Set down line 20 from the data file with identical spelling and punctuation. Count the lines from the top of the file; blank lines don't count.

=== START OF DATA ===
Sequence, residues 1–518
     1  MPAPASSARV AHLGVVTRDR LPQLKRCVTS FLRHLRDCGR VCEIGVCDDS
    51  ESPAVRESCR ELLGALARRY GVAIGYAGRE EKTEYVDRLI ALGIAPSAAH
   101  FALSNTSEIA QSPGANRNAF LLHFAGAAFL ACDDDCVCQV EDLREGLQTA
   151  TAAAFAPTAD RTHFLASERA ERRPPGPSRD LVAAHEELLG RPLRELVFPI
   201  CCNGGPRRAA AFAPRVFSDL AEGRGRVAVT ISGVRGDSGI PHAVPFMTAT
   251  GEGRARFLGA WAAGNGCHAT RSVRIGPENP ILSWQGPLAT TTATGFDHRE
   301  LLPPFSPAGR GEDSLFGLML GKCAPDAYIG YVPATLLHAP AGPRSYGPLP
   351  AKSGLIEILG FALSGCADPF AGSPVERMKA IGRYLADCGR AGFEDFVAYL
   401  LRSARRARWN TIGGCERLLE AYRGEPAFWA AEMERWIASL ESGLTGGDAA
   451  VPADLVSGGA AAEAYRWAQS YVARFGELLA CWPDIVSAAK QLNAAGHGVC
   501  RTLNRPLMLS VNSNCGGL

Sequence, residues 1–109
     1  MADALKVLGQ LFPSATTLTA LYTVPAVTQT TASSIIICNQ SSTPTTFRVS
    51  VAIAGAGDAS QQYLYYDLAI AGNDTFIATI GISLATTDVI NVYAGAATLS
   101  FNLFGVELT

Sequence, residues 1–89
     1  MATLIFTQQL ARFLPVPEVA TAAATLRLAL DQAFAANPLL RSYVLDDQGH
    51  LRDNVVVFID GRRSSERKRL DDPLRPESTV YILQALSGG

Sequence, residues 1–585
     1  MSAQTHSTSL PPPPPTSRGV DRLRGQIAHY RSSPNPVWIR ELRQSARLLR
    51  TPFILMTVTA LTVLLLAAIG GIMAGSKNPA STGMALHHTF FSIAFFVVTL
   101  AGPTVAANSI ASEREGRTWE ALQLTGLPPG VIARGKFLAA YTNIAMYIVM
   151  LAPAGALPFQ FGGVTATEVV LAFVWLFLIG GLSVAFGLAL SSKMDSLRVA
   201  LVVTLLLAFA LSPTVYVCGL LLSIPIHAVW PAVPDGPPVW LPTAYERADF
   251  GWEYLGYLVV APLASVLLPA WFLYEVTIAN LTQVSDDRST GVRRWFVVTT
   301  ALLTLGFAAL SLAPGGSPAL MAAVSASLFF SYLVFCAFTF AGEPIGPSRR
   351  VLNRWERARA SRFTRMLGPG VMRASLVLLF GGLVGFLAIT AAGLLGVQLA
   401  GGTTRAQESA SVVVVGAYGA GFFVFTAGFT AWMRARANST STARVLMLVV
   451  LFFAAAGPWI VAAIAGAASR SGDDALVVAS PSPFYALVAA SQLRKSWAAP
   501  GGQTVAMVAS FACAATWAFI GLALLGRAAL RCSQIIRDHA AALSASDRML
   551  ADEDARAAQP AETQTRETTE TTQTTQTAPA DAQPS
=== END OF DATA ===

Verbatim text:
Sequence, residues 1–585